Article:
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What fighting inflation means for stock markets

After staging a rally in July that saw global equities rise 9.7%, markets reversed in August and fell 2.3%[1] to continue their downward trend for the year. Stocks have fallen as central banks – notably in the US – have toughened their stance against inflation and investors are concerned about the impact of rising interest rates as economic growth stalls in many countries.

The threat of a widespread recession has grown as consumers curb their spending in the face of rising energy and food prices. Confidence has dropped to levels last seen during the global financial crisis in major economies (see chart), inevitably dampening business expectations. Such pessimism, however, is often positive for forward-looking investors, as Jonas Edholm, Portfolio Manager of SKAGEN Focus, explains: "Sentiment has been deteriorating for months and the current gloom is largely priced into company valuations which are now heavily discounted. Dark clouds are casting a shadow over the economy at present, but clearer skies are potentially on the horizon."

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Peak inflation narrative

One possible bright spot is the sign that although prices will continue to rise, the pace of increases may start to fall gradually. Many commodities, including crude oil, have become cheaper and supply chains are recovering from COVID. Although central banks have not yet acknowledged weakness in the global economy – helped by continued strong employment data – there is a credible scenario where markets will soon start to anticipate this.

"European prices will likely continue to rise in the near-term but elsewhere a narrative could be building that the rate of change of inflation is peaking, particularly given the high base effects in CPI and PPI," Edholm explains, "Markets, which move 6-9 months ahead of actual fundamentals changing, could soon start to factor in a more benign environment with central banks retreating, which would mark the inception of a new investment cycle, led by early cyclical companies."

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Wider and deeper pockets of value

August's losses mean that the MSCI All Country World Index of global equities is now down 7.0% in 2022[2]. This has reduced the price tags of most stocks, particularly in the US where the S&P 500 index of blue-chip companies has fallen 17.5% and the tech-heavy Nasdaq Composite is 25.3% lower than the start of the year.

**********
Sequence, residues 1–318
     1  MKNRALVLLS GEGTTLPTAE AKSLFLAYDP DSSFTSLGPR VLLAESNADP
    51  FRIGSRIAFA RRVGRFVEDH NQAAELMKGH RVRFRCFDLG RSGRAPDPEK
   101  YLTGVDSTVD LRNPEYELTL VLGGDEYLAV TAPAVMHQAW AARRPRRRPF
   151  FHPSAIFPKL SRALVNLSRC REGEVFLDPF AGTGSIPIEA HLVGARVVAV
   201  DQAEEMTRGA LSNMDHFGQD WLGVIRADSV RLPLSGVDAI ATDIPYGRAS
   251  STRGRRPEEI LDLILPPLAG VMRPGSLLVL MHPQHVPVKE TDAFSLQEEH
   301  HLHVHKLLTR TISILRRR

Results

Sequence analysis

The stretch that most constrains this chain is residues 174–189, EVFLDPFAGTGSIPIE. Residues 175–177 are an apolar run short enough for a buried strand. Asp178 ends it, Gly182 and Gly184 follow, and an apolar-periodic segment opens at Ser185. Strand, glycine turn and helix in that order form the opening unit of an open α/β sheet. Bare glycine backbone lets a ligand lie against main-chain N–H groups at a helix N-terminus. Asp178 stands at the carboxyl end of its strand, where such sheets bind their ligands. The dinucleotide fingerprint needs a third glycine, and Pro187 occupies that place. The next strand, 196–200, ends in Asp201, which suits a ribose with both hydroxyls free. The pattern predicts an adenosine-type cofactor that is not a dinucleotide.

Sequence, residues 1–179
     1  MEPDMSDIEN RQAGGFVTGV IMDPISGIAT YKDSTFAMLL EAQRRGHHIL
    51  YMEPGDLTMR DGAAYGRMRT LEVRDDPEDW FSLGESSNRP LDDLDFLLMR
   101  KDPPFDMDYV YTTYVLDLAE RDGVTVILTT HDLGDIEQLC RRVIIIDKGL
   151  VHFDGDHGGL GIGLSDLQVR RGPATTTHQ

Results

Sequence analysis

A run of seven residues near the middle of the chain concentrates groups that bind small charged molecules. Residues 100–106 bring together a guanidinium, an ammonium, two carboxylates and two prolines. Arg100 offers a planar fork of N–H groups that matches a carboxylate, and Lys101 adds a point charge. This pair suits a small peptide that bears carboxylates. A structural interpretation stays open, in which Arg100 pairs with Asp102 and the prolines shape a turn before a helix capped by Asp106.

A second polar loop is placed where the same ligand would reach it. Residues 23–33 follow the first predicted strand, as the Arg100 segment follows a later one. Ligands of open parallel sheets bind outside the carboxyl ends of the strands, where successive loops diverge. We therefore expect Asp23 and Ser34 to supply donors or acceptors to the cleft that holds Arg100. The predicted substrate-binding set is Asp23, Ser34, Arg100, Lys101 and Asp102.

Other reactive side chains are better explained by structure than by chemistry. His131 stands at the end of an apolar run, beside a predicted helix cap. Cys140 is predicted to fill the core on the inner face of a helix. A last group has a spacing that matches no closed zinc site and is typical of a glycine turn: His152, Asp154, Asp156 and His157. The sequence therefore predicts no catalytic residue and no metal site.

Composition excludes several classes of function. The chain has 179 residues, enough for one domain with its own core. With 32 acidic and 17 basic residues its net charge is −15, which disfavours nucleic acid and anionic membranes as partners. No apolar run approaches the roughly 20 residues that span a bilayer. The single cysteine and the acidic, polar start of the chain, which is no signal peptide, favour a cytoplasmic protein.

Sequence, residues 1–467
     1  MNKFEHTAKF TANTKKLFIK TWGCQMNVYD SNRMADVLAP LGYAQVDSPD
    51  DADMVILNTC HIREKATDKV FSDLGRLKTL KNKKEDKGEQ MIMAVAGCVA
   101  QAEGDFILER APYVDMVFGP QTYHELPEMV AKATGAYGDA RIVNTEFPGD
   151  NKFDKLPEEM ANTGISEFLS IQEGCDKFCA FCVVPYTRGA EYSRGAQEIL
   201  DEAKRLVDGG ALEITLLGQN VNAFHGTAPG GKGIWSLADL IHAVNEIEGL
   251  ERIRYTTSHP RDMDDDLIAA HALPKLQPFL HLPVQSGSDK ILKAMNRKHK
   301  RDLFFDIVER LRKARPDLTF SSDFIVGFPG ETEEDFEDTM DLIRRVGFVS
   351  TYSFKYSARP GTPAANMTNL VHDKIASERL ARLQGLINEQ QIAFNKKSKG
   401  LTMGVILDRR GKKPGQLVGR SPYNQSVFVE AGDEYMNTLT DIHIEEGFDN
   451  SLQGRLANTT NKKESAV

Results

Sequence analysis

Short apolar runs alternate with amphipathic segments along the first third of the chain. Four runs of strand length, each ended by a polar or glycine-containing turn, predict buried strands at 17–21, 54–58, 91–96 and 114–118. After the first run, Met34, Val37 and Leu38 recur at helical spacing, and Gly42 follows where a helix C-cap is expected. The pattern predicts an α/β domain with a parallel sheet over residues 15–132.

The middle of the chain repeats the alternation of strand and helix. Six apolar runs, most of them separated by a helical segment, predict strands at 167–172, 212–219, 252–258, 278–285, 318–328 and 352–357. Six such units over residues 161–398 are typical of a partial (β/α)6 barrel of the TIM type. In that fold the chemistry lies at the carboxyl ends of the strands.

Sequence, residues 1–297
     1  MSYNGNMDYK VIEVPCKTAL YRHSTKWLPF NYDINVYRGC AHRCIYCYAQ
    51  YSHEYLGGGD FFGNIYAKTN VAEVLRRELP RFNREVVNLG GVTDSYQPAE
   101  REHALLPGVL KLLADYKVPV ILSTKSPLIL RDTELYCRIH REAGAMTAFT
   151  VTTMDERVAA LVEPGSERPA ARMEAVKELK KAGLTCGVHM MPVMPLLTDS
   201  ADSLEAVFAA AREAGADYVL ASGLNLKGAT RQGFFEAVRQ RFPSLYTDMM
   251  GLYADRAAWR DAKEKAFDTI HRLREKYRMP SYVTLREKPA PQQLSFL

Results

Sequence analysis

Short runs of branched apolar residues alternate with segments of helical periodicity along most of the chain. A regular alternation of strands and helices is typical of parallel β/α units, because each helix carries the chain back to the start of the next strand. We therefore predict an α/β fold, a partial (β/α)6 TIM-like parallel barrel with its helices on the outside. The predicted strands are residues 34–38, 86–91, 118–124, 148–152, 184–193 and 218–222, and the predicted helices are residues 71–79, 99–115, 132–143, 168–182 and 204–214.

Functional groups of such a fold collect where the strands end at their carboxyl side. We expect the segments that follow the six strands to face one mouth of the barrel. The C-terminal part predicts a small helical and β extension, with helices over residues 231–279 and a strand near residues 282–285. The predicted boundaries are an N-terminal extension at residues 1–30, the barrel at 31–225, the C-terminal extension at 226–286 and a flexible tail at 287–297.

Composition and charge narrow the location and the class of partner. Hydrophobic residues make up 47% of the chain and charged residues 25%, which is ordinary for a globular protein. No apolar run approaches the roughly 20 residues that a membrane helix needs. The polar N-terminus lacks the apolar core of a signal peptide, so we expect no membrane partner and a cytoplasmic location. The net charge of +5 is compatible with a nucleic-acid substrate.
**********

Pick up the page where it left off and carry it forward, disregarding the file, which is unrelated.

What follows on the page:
While valuations are still close to historic averages, the correction has created new buying opportunities, as Edholm outlines: "The investment universe for price-driven investors has really opened-up. Technology companies and those with high quality brands in sectors like consumer goods and clothing that were previously very expensive are now investable with 50% upside over a two-to-three-year investment horizon."

Even greater value can be found in less popular areas of the stock market like emerging markets, particularly in countries like Korea and Mexico, and industrial metals such as copper where short-term demand has fallen but which remain crucial to the longer-term green transition.

Making the most of these opportunities requires taking a contrarian approach. It is harder to think independently when stocks are falling as the herd mentality of investors grows stronger but the returns are often greatest, as Edholm explains: "Markets are increasingly driven by machines using passive, factor and momentum-based strategies and this creates very interesting and lucrative opportunities for investors who are willing to go against the tide." 

For value-driven and contrarian investors like SKAGEN, the possibilities to create value for our unitholders are growing. Until the inflationary picture clears, stocks will likely remain volatile but also attractive relative to alternative assets – while the ride will be bumpy, the rewards could be great.


[1] Source: MSCI: MSCI All Country World Index in EUR as at 31/08/2022
[2] Source: MSCI: MSCI All Country World Index in EUR as at 31/08/2022

Les rendements historiques ne garantissent pas les rendements futurs. Les rendements futurs dépendront, entre autres, de l'évolution du marché, des compétences du gestionnaire du fonds, du profil de risque du fonds et des frais de gestion. Le rendement peut devenir négatif en raison de l'évolution négative des prix. Il existe un risque lié à l'investissement dans des fonds en raison des mouvements du marché, de l'évolution des devises, des niveaux de taux d'intérêt, des conditions économiques, sectorielles et spécifiques aux entreprises. Les fonds sont libellés en NOK. Les rendements peuvent augmenter ou diminuer en raison des fluctuations monétaires. Avant d'effectuer une souscription, nous vous encourageons à lire le prospectus et le document d'informations clés pour l'investisseur du fonds. Vous trouverez un aperçu des coûts sur le site www.skagenfunds.com/costs.

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